The Golden Mean

The Golden Mean (or Golden Section), represented by the Greek letter phi, is one of those mysterious natural numbers, like e or pi, that seem to arise out of the basic structure of our cosmos. Unlike those abstract numbers, however, phi appears clearly and regularly in the realm of things that grow and unfold in steps, and that includes living things.
The decimal representation of phi is 1.6180339887499... .
You can find it in a number of places:

Number Series
If you start with the numbers 0 and 1, and make a list in which each new number is the sum of the previous two, you get a list like this:

0, 1, 1, 2, 3, 5, 8, 13, 21, 34, 55, 89, 144, ... to infinity-->

This is called a 'Fibonacci series'.
If you then take the ratio of any two sequential numbers in this series, you'll find that it falls into an increasingly narrow range:

1/0 = Whoa! That one doesn't count.
1/1 = 1
2/1 = 2
3/2 = 1.5
5/3 = 1.6666...
8/5 = 1.6
13/8 = 1.625
21/13 = 1.61538...
34/21 = 1.61904...
and so on, with each addition coming ever closer to multiplying by some as-yet-undetermined number.

The number that this ratio is oscillating around is phi (1.6180339887499...). It's interesting to note that the ratio 21/13 differs from phi by less than .003, and 34/21 by only about .001 (less than 1/10 of one percent!), thus providing our less technically-advanced ancestors an easy way to derive phi on a large scale in the real world with a high degree of precision.

Geometry
If you have a rectangle whose sides are related by phi (say, for instance, 13 x 8), that rectangle is said to be a Golden Rectangle. It has the interesting property that, if you create a new rectangle by 'swinging' the long side around one of its ends to create a new long side, then that new rectangle is also Golden. In the case of our 13 x 8 rectangle, the new rectangle will be (13 + 8 =) 21 x 13. You can see this is the same thing that's going on in our number list, but when you discover it geometrically it looks downright magical. If you start with a square (1 x 1) and start swinging sides to make rectangles, you wind up with Golden rectangles without even trying. Here's the list, in case it isn't obvious:
1 x 1
2 x 1
3 x 2
5 x 3
8 x 5
13 x 8
21 x 13
34 x 21
and so on, with, again, each addition coming ever closer to multiplying by phi.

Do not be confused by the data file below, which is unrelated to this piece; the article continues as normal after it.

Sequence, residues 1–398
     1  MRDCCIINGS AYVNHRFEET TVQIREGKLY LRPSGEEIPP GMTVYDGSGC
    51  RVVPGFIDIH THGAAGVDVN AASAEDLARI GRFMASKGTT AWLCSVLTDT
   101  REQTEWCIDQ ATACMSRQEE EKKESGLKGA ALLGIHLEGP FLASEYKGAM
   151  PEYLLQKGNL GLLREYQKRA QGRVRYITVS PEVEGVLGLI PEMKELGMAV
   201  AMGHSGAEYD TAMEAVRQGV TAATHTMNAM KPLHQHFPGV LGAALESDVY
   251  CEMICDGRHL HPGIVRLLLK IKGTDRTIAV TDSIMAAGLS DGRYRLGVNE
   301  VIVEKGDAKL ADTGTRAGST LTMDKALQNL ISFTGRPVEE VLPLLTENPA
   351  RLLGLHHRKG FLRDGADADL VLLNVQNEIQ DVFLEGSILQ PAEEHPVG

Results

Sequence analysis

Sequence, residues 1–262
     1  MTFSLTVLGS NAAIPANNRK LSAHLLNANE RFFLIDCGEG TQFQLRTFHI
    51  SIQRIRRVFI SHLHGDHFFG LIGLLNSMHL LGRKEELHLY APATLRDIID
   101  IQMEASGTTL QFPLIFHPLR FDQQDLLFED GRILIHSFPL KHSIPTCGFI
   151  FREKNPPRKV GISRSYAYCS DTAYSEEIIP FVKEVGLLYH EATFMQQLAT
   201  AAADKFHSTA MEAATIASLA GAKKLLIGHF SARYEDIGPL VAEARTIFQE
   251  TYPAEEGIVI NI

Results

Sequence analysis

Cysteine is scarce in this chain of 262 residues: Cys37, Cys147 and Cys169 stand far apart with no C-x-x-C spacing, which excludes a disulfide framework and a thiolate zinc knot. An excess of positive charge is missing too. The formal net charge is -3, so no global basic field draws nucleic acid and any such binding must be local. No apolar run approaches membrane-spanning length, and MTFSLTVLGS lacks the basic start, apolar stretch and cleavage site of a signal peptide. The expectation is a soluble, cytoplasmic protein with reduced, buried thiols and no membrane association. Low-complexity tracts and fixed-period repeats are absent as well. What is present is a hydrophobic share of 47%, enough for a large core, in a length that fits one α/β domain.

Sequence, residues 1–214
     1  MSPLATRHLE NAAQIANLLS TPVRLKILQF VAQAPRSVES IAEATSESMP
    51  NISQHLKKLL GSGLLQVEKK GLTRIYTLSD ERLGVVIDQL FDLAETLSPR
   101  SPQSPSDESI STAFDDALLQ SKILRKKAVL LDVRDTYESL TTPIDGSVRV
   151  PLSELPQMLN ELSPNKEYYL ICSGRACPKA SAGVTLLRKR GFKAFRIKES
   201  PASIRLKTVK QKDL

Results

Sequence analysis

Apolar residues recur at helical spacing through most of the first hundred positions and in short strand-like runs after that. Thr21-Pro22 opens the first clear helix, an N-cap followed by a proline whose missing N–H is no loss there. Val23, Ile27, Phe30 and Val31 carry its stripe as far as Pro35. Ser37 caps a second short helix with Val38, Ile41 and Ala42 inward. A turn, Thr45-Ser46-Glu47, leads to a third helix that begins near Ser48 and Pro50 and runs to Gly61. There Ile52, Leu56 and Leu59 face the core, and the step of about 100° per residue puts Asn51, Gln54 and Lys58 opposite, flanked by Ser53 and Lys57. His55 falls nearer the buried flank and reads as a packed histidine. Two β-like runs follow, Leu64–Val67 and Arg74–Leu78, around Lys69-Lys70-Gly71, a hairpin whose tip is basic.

Ancient architecture is filled with Golden rectangles.
Unfold the Golden Rectangle
Text-only version (character-based graphics)

When you swing the long side of a Golden Rectangle around to create a new rectangle, the line it forms with the short side is made up of two sections having lengths of phi and one, respectively. This division of a straight line into a phi proportion is what is actually meant by the term 'Golden Section'.

Pure Math
Proportion is the relationship of the size of two things.
Arithmetic proportion exists when a quantity is changed by adding some amount.
Geometric proportion exists when a quantity is changed by multiplying by some amount.
Phi possesses both qualities.
If you study the Fibonacci series and the Golden Rectangle carefully, you will eventually realize that
phi + 1 = phi * phi.
Consider: suppose that you start with a Golden rectangle having a short side one unit long. Since the long side of a Golden rectangle equals the short side multiplied by phi, the long side of our rectangle is one times phi. or simply phi.
Now suppose that you swing the long side to make a new Golden rectangle. The short side of the new rectangle is, of course, phi units long, and the long side is that times phi, or phi * phi. This describes a Geometric proportion.
But we also know from simple geometry that the new long side equals the sum of the two sides of the original rectangle, or phi + 1. This describes an Arithmetic proportion.
Since these two expressions describe the same thing, they are equivalent, and so
phi + 1 = phi * phi.
(Now that we know this, we can
discover the exact value of phi. )
The resulting proportion is both arithmetic and geometric. It is thus perfect proportion; you could think of it as the place on some imaginary graph where the curved line of multiplication crosses the straight line of addition.
Derive phi graphically
See the 'imaginary' graph

Nature
In pure mathematics, an increase in size can be any imaginable number, even one like e or pi. But in the world of nature, things always grow by adding some unit, even if the unit is as small as a molecule. So it's not surprising that phi turns out to be an ideal rate of growth for things which grow by adding some quantity.
Some examples:
The Nautilus shell (Nautilus pompilius) grows larger on each spiral by phi.
The sunflower has 55 (see number list) clockwise spirals overlaid on either 34 or 89 (see number list) counterclockwise spirals, a phi proportion.

A really good book on this subject is Sacred Geometry: Philosophy and Practice by Robert Lawlor, published by Crossroad; Library of Congress number 81-67703.